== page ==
Gauging A Good Life


A Good Life

The elements of a good life. Very personal. To reflect, to assess our life, a life lived well has got to be an individual view to merit the time worth the look. What we think of what we’ve done is all that really matters.

Easier to look around at other people. The panoply of lives displayed before us gone very public because of skill or notoriety for us to ooh, ah, nod, and approve the choices made. Or head shaking NO!! find abhorrent that lad or lassie’s tilt, tinged with insanity or bravado or something we know wrong. What’s the standard, what’s the measure, or is there such a thing. The basic stuff of theatre, of parable, of song. But of ourselves, back to ourselves privately……..

For me, in my life, cataclysma is not long absent. More like the turbulent stream got diverted on a brief tranquil stretch; then round the bend and upheaval encore. Now a recent jarring has set me to evaluating how I have chosen to live. And to look at the benefits and downfalls of my directions, not for a final steely conclusion but to open a train of thought I may revisit and sharpen.
I am, most of all, left to wonder what measuring stick one takes in hand to hold up against such a galactic review.

I had an older brother whose pathway was chosen young, by him and by competitive family pressures. On the other hand, absolutely nothing was expected of me. Not even a good job, good marriage, prosperity, education, or competence. I was a kind of throwaway. It produces a life-long sad longing that nags somewhere along the back between the shoulder blades, up a bit from middle, now lower, yes there that’s it. It also produces, I discovered at long last, a kind of freedom in that whatever choices I made were not likely to bother, irritate, or delight anyone of any immediate importance or with the power to stop me in my tracks. So off I went willy nilly and topsy turvy. And I’ve been at that a long long time.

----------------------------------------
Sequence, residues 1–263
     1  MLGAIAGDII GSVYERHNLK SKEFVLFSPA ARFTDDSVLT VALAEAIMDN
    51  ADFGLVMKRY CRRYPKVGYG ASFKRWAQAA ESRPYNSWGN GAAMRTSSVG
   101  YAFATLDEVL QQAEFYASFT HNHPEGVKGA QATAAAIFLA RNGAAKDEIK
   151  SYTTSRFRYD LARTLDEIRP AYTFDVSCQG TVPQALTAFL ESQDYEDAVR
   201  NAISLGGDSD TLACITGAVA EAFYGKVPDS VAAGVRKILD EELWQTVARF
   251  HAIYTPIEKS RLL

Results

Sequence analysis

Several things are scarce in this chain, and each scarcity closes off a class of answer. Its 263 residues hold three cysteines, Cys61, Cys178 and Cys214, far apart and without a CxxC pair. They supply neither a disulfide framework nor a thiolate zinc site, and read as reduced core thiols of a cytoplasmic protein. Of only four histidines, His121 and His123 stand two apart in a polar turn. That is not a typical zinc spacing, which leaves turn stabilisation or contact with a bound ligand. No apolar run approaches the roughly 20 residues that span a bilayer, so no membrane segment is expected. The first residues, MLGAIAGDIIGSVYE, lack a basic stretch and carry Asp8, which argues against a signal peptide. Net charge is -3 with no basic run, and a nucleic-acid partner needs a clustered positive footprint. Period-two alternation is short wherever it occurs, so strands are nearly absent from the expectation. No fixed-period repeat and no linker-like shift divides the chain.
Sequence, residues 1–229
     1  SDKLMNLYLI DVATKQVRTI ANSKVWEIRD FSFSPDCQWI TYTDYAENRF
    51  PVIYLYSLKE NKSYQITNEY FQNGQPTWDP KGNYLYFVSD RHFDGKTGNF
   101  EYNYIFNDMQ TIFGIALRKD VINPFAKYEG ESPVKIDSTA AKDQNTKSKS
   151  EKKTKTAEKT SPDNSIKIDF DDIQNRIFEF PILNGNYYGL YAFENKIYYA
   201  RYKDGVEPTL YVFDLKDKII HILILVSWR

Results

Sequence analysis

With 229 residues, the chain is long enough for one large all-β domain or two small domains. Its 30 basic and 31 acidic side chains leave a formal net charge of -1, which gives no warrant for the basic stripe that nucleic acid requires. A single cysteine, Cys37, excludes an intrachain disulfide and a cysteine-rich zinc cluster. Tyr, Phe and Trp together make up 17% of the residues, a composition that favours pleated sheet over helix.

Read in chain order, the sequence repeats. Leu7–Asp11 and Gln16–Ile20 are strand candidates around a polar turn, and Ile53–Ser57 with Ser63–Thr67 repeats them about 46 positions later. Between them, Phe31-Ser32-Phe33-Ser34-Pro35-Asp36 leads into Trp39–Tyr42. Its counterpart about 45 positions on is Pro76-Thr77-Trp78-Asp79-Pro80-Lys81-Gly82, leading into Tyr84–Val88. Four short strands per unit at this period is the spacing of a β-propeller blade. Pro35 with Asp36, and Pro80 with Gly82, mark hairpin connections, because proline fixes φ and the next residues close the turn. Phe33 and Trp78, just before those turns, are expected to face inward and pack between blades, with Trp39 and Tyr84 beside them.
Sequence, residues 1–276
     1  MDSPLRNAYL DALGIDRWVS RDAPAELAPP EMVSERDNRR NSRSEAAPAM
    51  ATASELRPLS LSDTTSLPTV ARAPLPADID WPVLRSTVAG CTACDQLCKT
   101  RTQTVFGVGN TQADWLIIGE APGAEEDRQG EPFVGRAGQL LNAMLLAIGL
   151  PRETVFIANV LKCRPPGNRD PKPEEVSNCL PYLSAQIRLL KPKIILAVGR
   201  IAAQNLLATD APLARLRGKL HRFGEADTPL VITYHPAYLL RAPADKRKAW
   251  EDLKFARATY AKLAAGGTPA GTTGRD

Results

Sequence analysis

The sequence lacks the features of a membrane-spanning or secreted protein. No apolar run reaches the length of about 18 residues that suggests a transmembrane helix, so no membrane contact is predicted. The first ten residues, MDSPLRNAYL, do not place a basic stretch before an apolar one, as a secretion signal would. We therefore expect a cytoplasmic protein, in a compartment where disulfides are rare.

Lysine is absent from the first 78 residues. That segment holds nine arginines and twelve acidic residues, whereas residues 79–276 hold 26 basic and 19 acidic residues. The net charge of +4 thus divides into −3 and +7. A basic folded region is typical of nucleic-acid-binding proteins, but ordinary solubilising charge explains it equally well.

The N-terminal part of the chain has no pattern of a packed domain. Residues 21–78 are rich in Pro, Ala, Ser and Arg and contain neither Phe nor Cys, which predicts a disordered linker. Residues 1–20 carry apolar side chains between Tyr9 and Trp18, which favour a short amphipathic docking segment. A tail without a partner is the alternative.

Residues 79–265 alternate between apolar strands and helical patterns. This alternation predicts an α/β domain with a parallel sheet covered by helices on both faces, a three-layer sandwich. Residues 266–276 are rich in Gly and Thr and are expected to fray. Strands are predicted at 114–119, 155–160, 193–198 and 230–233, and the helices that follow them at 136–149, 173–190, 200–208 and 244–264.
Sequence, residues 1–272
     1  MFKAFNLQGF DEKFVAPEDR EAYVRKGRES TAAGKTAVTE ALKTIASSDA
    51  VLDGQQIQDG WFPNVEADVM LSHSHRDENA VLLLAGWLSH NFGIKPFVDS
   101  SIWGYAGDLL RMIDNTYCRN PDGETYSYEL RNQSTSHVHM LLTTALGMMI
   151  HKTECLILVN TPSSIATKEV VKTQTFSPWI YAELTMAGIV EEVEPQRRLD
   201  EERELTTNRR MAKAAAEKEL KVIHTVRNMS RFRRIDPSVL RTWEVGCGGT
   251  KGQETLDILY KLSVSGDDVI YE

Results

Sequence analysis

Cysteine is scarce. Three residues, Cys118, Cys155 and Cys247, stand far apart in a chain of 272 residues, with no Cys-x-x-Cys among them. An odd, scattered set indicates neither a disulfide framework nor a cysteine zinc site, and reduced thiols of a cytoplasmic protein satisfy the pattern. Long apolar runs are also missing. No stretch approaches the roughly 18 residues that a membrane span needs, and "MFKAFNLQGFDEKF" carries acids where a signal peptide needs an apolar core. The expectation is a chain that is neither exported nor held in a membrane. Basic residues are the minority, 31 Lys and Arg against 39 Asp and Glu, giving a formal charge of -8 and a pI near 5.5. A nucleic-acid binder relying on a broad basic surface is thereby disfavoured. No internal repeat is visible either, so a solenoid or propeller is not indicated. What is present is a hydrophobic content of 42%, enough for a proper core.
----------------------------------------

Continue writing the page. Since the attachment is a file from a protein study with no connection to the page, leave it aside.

I have several very early memories, my infancy recalled with clarity even now. One was, I know, prior to attaining one year of life, and I was being driven through the Bronx Botanical Gardens in a little stroller of plaid cloth. I was very close to the ground and upright. The peat and humus of the greenhouse was intoxicating. The warm air of the glass building in contrast with the crisp cold outside. The colors, the weight of the air. The sound of my stroller wheels on the gravel paths. I believe somewhere in me I was struck with knowing that this was all that was necessary for life to be perfect whatever perfect was.

Another crystallized memory when I am perhaps three years old….I am alone and sitting (legs straight out) in a flowered frock and white socks and Mary Janes, on the floor of my upstairs totally unremarkable plain bedroom on the dark wooden floor and there is a window in front of me and light is coming in and I look up. I have in my hands and around me little square wooden blocks with the letters of the alphabet carved on one side and on the other notched parallel lines by which the blocks may be joined for building purposes.
I look ahead, and sort of out of the blue I have the thought that absolutely anything is possible.

Both these early experiences entered me in a kind of weighty truth. It was not with epiphany, shock, hallucination, laughter, tears. I was alone or had no impulse to share the thought with anyone. It was not instruction. It simply was; irrefutable and profound and I knew it.

In the long and current process of growing up I have lost and regained those important minutes a thousand times. And now they come back to me again in this search to understand how to quantify a great span as good or bad. This will have further to go with me, and I hope you think about it too. But at the moment the conclusion I have is this.

If, at the end of a given number of years, we ruffle the record’s pages and inhale the aroma given off and let go into a purely sensory assessment, and judge by this: